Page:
Getting Past Megacities: How Peri-Urban Has Become the New City Center
Half of the world’s seven billion people currently live in cities, one billion of them in informal settlements; the United Nations projects that the global urban population will expand to as many as five billion over the next two decades. As a result of failing rural economies, conflicts, material inequalities, gentrification, and other urban development programs, people are moving into, out of, and through cities in search of profit, protection, and passage elsewhere. Once sparsely occupied peri-urban areas have become stations and destinations for people moving out of the city and those first coming to it. These peri-urban zones are where the future of cities – their opportunities and deprivation – lie. Yet we know little about these peripheral areas. Indeed, understanding their unique, often hybrid, socio-economic and political dynamics is central to achieving equitable growth, environmental sustainability, and political stability.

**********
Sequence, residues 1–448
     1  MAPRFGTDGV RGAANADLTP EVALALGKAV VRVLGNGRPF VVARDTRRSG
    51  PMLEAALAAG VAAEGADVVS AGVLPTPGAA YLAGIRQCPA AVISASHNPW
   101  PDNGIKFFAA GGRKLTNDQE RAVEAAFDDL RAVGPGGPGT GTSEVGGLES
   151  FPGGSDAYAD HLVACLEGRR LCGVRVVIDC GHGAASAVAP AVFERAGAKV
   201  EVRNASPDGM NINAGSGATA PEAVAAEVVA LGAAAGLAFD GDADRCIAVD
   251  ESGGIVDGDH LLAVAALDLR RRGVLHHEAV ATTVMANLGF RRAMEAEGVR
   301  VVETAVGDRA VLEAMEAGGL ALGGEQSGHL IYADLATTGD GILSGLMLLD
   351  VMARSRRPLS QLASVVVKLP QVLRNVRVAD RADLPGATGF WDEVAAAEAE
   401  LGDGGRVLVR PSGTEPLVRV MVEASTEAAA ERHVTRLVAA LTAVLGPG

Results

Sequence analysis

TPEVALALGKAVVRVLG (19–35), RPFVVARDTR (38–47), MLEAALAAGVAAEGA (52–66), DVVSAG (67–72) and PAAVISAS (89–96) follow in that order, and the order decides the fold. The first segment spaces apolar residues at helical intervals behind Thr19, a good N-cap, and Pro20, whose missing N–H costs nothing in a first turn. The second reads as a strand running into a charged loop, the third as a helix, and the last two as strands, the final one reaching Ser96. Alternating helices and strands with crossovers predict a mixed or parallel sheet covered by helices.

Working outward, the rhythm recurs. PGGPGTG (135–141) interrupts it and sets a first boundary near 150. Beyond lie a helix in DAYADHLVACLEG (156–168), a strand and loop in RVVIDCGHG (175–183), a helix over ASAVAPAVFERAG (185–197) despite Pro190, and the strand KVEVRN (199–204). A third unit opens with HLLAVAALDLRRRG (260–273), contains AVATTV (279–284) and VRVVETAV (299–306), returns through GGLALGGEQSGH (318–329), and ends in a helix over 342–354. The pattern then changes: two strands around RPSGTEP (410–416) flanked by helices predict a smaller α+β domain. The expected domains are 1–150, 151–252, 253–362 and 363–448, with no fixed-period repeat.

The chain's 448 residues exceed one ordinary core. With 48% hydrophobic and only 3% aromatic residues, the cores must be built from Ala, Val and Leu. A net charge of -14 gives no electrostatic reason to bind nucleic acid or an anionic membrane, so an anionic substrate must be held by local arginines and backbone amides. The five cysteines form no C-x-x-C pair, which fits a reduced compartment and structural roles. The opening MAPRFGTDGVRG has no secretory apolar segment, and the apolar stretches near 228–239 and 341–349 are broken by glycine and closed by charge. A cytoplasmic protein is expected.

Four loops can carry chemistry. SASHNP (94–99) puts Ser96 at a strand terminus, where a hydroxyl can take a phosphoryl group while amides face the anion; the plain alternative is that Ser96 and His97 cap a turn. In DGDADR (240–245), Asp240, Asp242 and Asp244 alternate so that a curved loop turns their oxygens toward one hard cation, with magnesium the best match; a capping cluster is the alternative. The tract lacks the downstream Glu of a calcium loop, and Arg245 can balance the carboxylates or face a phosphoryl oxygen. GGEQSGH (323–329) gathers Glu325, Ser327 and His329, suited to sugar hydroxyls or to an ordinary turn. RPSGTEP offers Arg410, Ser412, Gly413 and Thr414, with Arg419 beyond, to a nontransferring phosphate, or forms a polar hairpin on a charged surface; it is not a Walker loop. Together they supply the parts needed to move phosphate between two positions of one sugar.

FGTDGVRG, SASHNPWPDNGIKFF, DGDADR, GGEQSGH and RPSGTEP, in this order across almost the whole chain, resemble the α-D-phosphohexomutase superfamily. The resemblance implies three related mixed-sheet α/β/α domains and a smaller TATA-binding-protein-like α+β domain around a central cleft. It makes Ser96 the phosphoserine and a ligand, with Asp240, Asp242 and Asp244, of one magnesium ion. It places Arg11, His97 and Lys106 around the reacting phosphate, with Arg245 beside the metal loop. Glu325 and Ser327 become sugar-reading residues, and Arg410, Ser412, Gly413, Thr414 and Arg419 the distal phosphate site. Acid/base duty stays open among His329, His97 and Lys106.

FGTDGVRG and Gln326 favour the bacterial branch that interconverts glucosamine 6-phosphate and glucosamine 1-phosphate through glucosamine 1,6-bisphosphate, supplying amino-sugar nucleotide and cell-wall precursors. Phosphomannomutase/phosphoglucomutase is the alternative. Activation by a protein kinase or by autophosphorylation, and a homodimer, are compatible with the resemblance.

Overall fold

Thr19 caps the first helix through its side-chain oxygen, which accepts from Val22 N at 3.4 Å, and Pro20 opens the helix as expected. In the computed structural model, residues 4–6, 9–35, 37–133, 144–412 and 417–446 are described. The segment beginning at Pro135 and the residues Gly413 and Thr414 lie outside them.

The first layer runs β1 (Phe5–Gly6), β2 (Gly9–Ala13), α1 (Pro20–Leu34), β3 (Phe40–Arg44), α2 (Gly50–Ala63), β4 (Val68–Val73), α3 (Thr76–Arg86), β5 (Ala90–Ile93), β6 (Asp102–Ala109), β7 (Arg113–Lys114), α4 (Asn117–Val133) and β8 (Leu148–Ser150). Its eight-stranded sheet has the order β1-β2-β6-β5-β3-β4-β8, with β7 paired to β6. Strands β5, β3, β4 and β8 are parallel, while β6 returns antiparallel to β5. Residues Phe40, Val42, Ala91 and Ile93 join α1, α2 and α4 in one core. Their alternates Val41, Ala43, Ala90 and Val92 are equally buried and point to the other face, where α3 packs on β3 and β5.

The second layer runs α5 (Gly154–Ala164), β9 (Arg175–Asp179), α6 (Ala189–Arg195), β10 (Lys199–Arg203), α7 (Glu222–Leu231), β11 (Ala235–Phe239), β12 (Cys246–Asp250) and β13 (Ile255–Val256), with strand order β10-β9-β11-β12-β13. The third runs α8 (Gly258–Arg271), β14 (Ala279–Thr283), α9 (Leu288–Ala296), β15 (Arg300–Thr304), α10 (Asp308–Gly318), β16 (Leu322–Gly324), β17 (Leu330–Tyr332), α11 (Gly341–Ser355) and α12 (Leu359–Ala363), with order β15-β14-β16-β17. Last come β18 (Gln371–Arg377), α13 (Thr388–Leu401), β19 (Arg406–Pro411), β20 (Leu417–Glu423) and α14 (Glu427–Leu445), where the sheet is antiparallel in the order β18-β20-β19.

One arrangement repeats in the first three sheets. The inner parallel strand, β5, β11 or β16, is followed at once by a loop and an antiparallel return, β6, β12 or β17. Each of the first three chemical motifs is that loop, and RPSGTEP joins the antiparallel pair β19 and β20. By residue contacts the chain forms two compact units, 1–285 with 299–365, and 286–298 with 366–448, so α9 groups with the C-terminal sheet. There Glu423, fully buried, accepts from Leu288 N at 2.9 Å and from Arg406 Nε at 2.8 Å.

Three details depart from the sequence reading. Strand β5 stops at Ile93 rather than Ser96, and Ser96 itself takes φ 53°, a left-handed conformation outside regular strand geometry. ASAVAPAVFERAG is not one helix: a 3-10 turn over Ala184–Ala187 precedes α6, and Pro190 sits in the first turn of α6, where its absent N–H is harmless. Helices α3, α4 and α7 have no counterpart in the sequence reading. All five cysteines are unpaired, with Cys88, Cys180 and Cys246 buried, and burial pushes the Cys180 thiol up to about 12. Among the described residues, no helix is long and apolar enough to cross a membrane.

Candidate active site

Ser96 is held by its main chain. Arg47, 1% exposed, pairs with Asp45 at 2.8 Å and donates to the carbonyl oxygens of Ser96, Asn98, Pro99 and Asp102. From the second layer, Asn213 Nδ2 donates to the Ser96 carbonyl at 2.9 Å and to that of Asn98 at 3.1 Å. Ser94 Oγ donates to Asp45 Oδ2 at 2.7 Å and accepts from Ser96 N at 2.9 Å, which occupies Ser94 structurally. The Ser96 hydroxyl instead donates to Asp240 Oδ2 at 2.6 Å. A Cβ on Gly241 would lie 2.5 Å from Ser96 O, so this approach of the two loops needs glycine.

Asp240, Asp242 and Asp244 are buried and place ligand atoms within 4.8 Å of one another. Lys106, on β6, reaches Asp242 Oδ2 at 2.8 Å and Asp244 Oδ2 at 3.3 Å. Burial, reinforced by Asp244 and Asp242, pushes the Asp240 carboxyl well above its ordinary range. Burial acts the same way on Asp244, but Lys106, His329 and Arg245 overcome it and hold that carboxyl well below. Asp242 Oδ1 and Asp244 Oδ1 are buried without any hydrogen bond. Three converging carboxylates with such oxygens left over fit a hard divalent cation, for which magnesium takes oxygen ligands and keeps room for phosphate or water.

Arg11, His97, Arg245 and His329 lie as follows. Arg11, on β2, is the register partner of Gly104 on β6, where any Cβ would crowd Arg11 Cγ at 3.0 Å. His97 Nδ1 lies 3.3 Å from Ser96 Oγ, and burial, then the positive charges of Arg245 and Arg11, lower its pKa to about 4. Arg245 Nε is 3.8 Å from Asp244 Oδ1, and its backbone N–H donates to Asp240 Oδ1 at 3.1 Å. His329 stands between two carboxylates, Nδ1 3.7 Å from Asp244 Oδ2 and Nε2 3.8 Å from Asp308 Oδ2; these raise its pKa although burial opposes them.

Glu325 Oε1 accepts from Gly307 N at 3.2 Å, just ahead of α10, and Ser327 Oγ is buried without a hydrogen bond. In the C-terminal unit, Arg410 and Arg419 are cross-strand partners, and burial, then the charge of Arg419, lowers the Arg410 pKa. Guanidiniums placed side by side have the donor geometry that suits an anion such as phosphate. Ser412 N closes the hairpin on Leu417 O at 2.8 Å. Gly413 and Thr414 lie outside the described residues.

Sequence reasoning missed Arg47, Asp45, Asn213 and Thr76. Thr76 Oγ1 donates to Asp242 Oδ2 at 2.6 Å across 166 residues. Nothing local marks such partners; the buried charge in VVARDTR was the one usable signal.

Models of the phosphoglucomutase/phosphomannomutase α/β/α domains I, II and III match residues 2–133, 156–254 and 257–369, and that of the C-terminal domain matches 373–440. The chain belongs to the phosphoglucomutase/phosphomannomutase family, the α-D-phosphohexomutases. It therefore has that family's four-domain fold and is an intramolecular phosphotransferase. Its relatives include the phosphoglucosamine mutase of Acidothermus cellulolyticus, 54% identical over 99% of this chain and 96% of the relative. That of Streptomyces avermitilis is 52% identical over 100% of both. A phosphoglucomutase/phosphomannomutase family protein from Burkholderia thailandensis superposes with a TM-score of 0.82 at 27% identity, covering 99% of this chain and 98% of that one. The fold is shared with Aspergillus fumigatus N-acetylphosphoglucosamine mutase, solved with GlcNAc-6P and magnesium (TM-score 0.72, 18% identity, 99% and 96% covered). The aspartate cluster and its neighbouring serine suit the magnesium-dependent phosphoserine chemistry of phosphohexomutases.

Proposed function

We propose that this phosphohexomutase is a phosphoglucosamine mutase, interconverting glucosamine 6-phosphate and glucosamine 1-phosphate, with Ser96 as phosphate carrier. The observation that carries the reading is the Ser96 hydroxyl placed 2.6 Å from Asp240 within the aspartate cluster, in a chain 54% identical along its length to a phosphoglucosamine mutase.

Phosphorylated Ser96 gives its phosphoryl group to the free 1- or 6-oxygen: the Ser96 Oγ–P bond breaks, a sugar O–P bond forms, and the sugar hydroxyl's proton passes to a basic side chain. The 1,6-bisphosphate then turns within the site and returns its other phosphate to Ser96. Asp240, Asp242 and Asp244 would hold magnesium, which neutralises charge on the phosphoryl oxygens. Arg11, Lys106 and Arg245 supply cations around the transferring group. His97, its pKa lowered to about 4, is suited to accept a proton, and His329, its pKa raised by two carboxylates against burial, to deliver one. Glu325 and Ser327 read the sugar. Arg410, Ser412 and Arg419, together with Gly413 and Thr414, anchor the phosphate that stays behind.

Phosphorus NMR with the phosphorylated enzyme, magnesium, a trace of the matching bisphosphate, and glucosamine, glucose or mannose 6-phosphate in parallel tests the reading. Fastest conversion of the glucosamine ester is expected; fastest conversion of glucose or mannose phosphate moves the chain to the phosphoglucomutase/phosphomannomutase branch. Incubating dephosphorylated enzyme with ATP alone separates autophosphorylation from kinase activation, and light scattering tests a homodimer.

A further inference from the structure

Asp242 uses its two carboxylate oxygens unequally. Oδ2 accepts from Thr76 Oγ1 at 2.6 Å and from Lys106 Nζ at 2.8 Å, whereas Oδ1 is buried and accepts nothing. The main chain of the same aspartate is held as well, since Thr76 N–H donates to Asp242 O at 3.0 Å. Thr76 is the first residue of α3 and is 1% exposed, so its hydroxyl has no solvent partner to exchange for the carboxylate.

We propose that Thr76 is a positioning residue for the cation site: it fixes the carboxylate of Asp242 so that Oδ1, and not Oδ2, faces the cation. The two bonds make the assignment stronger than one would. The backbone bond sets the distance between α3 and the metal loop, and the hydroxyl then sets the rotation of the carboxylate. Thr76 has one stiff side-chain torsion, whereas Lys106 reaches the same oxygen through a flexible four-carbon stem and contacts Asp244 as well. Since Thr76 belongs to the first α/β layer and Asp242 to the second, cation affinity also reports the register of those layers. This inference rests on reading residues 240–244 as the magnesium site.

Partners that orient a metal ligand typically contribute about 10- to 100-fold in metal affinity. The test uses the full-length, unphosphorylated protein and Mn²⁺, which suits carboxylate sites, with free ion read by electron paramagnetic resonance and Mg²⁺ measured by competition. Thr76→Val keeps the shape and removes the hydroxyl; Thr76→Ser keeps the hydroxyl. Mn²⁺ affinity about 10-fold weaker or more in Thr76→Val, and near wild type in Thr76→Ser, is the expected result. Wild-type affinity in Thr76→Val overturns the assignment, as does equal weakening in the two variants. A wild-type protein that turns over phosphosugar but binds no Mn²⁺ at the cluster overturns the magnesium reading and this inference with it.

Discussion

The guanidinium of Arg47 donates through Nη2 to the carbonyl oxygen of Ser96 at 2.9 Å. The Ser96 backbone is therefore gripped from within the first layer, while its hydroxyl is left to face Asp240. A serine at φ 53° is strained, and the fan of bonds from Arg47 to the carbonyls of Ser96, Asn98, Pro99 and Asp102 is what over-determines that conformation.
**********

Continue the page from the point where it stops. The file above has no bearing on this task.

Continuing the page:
Three urban experts participated in a discussion, drawing from experiences In Africa, Asia, and Latin America on issues paramount to sustainable urbanization: land tenure, municipal finance, and citizen security.
Photo Credits: "Favela no de Rio," courtesy Flickr user kevin.j
DPU Associates, University College of London and the Lincoln Institute of Land Policy
Consultant, Emerging Market Finance
SPRING Programme, Kwame Nkrumah University of Science and Technology, Kumasi, Ghana